a parent perplexity

Recently I asked my three children this question:  “What do you think about naked people on a calendar?”  They were surprised by the question, because in their collective awareness, calendars and nudity haven’t yet mixed.  So they giggled–“Weird!” said the 10-year-old.

I asked another question:  “What do you know about compost?” All three of them nodded sagely, since for as long as they remember, their schools (and their mother) have taught them to separate food scraps, pile the debris near gardens at school and at home, and later on spread the rich dark remains on the very food crops and flowers my kids will eat and share.  (Vermont takes early farm-education very seriously indeed.)  “Compost is good!” said the 7-year-old.

Next question:  “What do you know about fundraising?”  Well, to a Craftsbury school-kid, fundraisers are even more familiar than compost. “Seeds!” they all shouted, referring to a popular springtime fundraiser they’ve all participated in for years. (K-4th grade classes decorate seed envelopes with crayon images of produce, fill the envelopes with cleaned seed the students collected from a variety of crops they grew in the school gardens, and, with the proceeds of the fundraiser, buy things such as the plastic sleds they all share during wintertime recesses.  The students take a great deal of well-deserved pride in their fundraising efforts.) The 12-year-old, a veteran of many fundraising campaigns and thus more experienced in mathematical realities than his sisters, expanded on this:  “Fundraising is when somebody pays more money for something than it’s really worth, so you have some extra.”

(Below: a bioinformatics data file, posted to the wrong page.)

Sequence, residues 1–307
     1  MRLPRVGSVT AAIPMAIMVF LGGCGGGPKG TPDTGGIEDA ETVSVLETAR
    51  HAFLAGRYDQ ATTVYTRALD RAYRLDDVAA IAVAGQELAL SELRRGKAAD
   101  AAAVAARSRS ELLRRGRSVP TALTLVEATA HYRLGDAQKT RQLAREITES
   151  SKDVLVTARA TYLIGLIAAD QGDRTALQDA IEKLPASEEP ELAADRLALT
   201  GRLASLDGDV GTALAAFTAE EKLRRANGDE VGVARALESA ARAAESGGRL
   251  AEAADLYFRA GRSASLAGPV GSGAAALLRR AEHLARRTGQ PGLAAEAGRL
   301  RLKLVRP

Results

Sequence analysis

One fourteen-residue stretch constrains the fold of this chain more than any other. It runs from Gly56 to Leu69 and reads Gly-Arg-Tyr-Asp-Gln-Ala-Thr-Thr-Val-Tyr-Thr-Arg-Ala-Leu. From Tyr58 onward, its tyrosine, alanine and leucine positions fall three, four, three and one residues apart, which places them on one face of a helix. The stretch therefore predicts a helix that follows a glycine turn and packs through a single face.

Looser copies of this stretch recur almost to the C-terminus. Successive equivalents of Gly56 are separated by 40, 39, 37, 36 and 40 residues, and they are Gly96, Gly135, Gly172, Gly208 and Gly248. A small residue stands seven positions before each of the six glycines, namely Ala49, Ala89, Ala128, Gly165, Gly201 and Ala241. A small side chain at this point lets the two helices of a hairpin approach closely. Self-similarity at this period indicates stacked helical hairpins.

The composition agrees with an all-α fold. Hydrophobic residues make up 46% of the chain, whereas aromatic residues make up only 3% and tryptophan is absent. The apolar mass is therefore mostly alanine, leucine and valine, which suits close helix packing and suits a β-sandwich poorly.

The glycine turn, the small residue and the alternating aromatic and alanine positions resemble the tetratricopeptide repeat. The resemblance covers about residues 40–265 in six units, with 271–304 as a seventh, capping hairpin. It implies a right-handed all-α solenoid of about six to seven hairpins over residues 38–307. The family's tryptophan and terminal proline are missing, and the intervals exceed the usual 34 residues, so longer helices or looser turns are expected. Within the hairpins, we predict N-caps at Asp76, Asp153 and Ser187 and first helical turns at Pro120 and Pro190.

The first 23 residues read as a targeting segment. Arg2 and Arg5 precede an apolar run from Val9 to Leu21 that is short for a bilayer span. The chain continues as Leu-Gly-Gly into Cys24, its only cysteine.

Final question for synthesis and comprehension:  “What do you think about selling calendars of naked ladies sitting in compost, as  a fundraiser for a company who sells compost?”  Puzzled silence from all three, followed by a dismissive chorus: “Gross!  That doesn’t make any sense, mama.  Compost is things that decomposed.  It’s got bugs in it.”  (Vermont’s farm-to-school programs emphasize the importance of handwashing after handling compost.  So do I.)  I didn’t bother reading them the poorly constructed text accompanying the ad, since that only metaphorically relates to compost.

I’m participating in some discussion about this  little marketing conundrum, and meanwhile wondering how to best prepare my children for the adult madness that awaits them.


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One Response to a parent perplexity

  1. Sheila says:

    “Children are a wonderful gift. They have an extraordinary capacity to see into the heart of things and to expose sham and humbug for what they are.” ~Bishop Desmond Tutu

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